Morgan Bazilian, Special Adviser to the Director General of the UN Industrial Development Organisation (UNIDO) and former adviser to Eamon Ryan, discusses how UNIDO is working to help governments in developing countries provide energy to large populations who are without power.
Energy is becoming a priority for the UN, according to Morgan Bazilian, who spoke at the annual Energy Ireland conference in June. Three billion people (half the world’s population) are without access to everyday energy for cooking, cleaning and heating their homes; therefore, UNIDO is working with developing countries in sub-Saharan Africa and India to alleviate this problem.
Explaining the UNIDO’s work, Bazilian told eolas: “It focuses on capacity building for people and institutions;
building good institutions, educating people and helping with policy and regulation. To create investment climates for whatever is appropriate in those countries so they can get both foreign and direct investment and appropriate development assistance.”
The UNIDO’s aspirational goal is to have “universal access to modern, clean forms of energy by 2030.” Its work in sub- Saharan Africa is relevant to Europe because European member states face the threat of mass emigration from a young, poor and unemployed neighbour in the near future, Bazilian contends.
“You have a huge population of young people in sub-Saharan Africa and they, like all young people, are looking for enjoyable, healthy productive lives which means work,” he told eolas. “If they can’t find work then you see everything from political unrest, to violence, to high urbanisation rates, to – like Ireland has seen – emigration.”
The UNIDO believes that one of the important contributing factors to making sure jobs exist in Africa is “having some sort of stable energy base.” Bazilian explained that it’s not just about providing energy to homes to allow families to be educated and to “improve their lives”, but it is essential that companies become productive in order to reduce the country’s poverty.
Sub-Saharan Africa is renowned for its “ridiculously low installed capacity,” Bazilian noted.
In that region, 800 million people have a total of 68 GW of energy (of which 25 GW of capacity is “not working properly” due to aging plants and lack of maintenance.) In comparison, Ireland has 7 GW for five million people.
In addition, manufacturing enterprises experience power shortages on an average of 56 days per year compared to Ireland’s loss of load expectation of eight hours per year, Bazilian told conference delegates.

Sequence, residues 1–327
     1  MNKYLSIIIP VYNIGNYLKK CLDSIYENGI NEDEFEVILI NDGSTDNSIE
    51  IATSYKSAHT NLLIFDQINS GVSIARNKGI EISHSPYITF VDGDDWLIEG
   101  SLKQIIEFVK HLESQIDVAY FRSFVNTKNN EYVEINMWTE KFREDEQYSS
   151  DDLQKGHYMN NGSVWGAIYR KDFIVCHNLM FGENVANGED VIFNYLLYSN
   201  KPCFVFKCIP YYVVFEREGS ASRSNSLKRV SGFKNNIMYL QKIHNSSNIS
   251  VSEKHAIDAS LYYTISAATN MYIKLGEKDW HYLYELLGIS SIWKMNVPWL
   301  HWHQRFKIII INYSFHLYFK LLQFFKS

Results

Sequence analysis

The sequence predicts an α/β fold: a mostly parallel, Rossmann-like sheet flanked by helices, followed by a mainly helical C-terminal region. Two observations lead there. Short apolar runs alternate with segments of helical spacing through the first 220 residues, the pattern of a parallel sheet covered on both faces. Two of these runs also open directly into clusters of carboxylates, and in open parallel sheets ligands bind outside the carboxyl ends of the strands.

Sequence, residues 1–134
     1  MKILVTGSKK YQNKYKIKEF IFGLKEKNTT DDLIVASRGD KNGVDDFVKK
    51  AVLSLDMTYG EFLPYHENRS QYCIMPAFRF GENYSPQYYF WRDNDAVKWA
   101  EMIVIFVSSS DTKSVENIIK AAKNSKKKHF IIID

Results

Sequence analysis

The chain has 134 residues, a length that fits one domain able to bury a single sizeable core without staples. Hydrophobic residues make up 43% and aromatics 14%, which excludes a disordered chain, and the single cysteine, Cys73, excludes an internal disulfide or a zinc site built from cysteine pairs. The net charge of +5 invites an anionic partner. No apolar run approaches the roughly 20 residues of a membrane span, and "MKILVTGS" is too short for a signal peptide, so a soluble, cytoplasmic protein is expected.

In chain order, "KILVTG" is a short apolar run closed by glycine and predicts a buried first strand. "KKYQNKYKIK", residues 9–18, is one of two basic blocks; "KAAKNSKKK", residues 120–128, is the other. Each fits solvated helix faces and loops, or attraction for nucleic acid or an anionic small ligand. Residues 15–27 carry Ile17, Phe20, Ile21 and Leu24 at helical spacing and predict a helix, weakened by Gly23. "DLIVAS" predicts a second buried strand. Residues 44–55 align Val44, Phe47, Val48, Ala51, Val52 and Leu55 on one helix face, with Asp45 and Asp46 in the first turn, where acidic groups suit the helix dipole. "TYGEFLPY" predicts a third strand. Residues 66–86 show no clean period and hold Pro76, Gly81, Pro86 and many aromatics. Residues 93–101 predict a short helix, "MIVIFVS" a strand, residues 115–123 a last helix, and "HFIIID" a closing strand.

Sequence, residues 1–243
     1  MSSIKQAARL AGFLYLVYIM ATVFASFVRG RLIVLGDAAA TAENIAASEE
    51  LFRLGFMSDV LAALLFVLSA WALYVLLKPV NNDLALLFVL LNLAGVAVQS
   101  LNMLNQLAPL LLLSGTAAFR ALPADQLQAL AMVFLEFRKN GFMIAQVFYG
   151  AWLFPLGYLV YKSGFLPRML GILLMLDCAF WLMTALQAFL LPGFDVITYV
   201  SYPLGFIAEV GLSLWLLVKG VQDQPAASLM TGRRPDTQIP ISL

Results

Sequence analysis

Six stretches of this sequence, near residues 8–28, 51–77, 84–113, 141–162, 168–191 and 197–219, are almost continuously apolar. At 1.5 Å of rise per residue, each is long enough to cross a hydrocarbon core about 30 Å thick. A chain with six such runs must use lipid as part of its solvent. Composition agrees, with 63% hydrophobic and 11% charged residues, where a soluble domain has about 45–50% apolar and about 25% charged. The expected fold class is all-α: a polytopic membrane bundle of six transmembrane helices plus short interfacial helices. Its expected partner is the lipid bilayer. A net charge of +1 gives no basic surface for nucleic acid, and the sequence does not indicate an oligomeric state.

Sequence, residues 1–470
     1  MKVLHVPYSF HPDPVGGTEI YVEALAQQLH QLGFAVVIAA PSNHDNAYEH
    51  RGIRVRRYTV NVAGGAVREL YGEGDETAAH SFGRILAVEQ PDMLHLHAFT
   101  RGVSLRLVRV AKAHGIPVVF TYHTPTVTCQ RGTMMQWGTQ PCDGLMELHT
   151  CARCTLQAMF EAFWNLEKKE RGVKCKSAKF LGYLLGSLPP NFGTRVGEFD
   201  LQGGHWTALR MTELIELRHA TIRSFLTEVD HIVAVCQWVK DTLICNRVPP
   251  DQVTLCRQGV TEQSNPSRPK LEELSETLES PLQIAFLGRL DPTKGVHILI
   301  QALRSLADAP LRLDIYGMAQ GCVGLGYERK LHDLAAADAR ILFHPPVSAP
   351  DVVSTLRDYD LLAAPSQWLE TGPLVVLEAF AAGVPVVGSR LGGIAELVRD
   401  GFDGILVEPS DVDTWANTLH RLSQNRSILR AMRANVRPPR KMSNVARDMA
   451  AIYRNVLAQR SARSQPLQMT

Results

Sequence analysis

“Given the region’s low levels of generation and access, it is not surprising that per capita consumption of electricity averages just 457 KWh annually, with the average falling to 124 KWh if South Africa is excluded,” Bazilian continued. “By contrast, the annual average per capita consumption in the developing world is 1,155 KWh and 10,198 kWh in high- income countries.”
If South Africa is excluded, Bazilian explained, sub-Saharan Africa is “the only world region in which per capita consumption of electricity is falling.” He clarified: “This is why we care about the developing world.”
Countries in the region have set targets, they have “very sophisticated” regional trading plans and plans for power pools, but they need support.
One way in which the UNIDO plans to help is by researching whether smart grids that have been successful in developed countries could be designed differently in order to get power to these countries quickly.
Bazilian explained the UNIDO’s thought process. “If countries like Ireland are taking leadership positions in technology and operation of their grids through smart grids, can we take any of the systems or tools or concepts of smart grid and leap- frog over how we did it in Ireland or the United States, so we don’t have to do it the same way?”
He told delegates that “there is a possibility for enormous markets in this space, whether you’re looking at ICT aspects of smart grids or basic metering, tariff or operation of grids aspects.”
The way future power systems are planned, designed, constructed, financed and operated will have a significant impact on how effectively these aspirations are delivered, he added. Ultimately, the UNIDO believes that “these smart grid advances may enable sub‐Saharan African countries to leapfrog elements of traditional power systems in terms of both technology and regulation.” This could “accelerate national and regional electrification timeframes, improving service delivery, minimising costs and reducing environmental impact,” he contended.
The organisation refers to the concept as ‘just grids’, which they hope would “reflect the need for power systems to contribute towards equitable and inclusive global, economic and social development and would help guarantee access to modern energy services without marginalising the poor.”
When asked how sustainable energy can be achieved in developing countries Bazilian replied: “The main components are making sure that the national and regional plans that are in place are appropriately designed, refined and financed so that the countries and regions can get on with the things they want to do.”
He added that the second thing is to “build the capacity and need to run and implement it over the long-term and allow the investment to flow over the long- term.”
He concluded that his answer “is not dissimilar to the kind of answer you would give anywhere else” but added that “the scale of the issue is so much greater than what you run into here.”
Tags: Public affairs
Date posted: Friday, August 19th, 2011 at 9:49 am